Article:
The Chickahominy, tracing through heavy forests and swamps east of Richmond from a north-westerly to a south-easterly direction, formed the respective fronts of the two armies — the rebels occupying the western, our army the eastern banks. The line occupied by us was nearly a right line from north-west to south-east, though curving a little northerly. Our forces were stretched from a short distance above New-Bridge where our right rested, to Bottom's Bridge, which constituted our left. The line was, perhaps, ten miles long. Our centre was near Goodly Hole Swamp, about equi-distant from the extremes. But our left was finally thrown forward to a point within six miles of Richmond, a mile in front of a point locally designated the “Seven Pines,” where Casey's division was posted in an open, swampy field, behind a single line of infantry epaulements; in front there was a heavy forest and a screen of dense undergrowth. Gen. Couch's division was encamped in his rear, his right resting in front of Fair Oaks station, about six miles due east of Richmond. Gen. Keyes commanded both divisions; and Gen. Heintzelman's corps was in the rear, within supporting distance, feeling out toward the left. The Pamunkey River to White House Point, and the York River Railroad to Fair Oaks, constituted our base.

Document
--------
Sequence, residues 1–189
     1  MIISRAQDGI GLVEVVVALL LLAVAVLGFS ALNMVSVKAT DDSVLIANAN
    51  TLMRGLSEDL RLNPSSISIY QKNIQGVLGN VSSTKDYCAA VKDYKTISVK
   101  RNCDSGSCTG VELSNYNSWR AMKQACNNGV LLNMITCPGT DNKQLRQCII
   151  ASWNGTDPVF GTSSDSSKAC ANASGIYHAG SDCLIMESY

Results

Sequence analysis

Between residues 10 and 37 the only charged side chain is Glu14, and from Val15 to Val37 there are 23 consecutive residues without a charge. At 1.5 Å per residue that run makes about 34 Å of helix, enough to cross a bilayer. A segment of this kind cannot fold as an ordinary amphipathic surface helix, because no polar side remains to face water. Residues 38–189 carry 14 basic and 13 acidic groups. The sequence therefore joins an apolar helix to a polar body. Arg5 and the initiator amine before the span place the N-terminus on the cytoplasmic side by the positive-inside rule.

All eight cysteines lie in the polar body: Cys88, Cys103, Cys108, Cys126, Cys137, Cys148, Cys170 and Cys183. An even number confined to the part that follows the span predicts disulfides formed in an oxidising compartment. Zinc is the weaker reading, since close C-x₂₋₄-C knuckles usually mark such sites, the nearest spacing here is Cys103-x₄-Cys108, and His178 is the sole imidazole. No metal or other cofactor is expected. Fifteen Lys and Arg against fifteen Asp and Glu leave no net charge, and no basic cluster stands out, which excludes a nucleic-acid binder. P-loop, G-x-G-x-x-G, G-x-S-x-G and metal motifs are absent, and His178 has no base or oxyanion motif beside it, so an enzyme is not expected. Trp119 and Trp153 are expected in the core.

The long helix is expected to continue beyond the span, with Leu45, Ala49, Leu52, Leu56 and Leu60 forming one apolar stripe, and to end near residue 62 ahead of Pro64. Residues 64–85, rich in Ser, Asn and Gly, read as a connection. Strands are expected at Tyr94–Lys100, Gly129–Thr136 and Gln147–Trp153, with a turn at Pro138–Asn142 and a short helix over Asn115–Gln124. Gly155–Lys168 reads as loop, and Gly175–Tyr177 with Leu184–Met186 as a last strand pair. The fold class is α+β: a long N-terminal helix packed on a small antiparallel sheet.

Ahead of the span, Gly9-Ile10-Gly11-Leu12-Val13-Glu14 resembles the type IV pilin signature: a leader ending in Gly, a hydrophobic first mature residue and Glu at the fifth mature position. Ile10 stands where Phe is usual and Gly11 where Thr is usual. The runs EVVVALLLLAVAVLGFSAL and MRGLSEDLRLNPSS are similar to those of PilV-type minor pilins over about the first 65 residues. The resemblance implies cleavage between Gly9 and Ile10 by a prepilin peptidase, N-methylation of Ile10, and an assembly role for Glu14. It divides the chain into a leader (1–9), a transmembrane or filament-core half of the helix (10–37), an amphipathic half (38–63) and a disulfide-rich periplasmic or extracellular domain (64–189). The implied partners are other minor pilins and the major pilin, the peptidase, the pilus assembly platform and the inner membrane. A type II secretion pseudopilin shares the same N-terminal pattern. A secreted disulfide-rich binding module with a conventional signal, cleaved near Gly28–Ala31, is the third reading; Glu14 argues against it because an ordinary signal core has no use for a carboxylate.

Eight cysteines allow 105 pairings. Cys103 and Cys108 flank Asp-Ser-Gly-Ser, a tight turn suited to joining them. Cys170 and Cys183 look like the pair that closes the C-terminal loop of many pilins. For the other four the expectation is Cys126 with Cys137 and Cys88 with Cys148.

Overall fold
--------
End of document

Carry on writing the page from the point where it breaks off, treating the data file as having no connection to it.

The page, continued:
You will readily perceive the merits of the rebel design. By suddenly hurling upon our weak and exposed left overwhelming masses of their best troops it was apparently quite easy to crush it before assistance could be thrown over the river. If crowned with success, the relative attitudes of the armies would be reversed. The enemy would have become the assailing party, our whole army would be put upon the defensive, and perhaps would be obliged to sacrifice its entire equipment and retreat precipitately. Gen. McClellan remarked: “It is the only smart thing that Joe Johnston has yet attempted. It was very smart.” You will observe moreover, that our right flank was utterly unable to assist the left, the overflowed swamps of the Chickahominy holding it fast in its position.

The enemy moved from James River, near the lower suburbs of Richmond, in five divisions — say forty thousand men at least — with powerful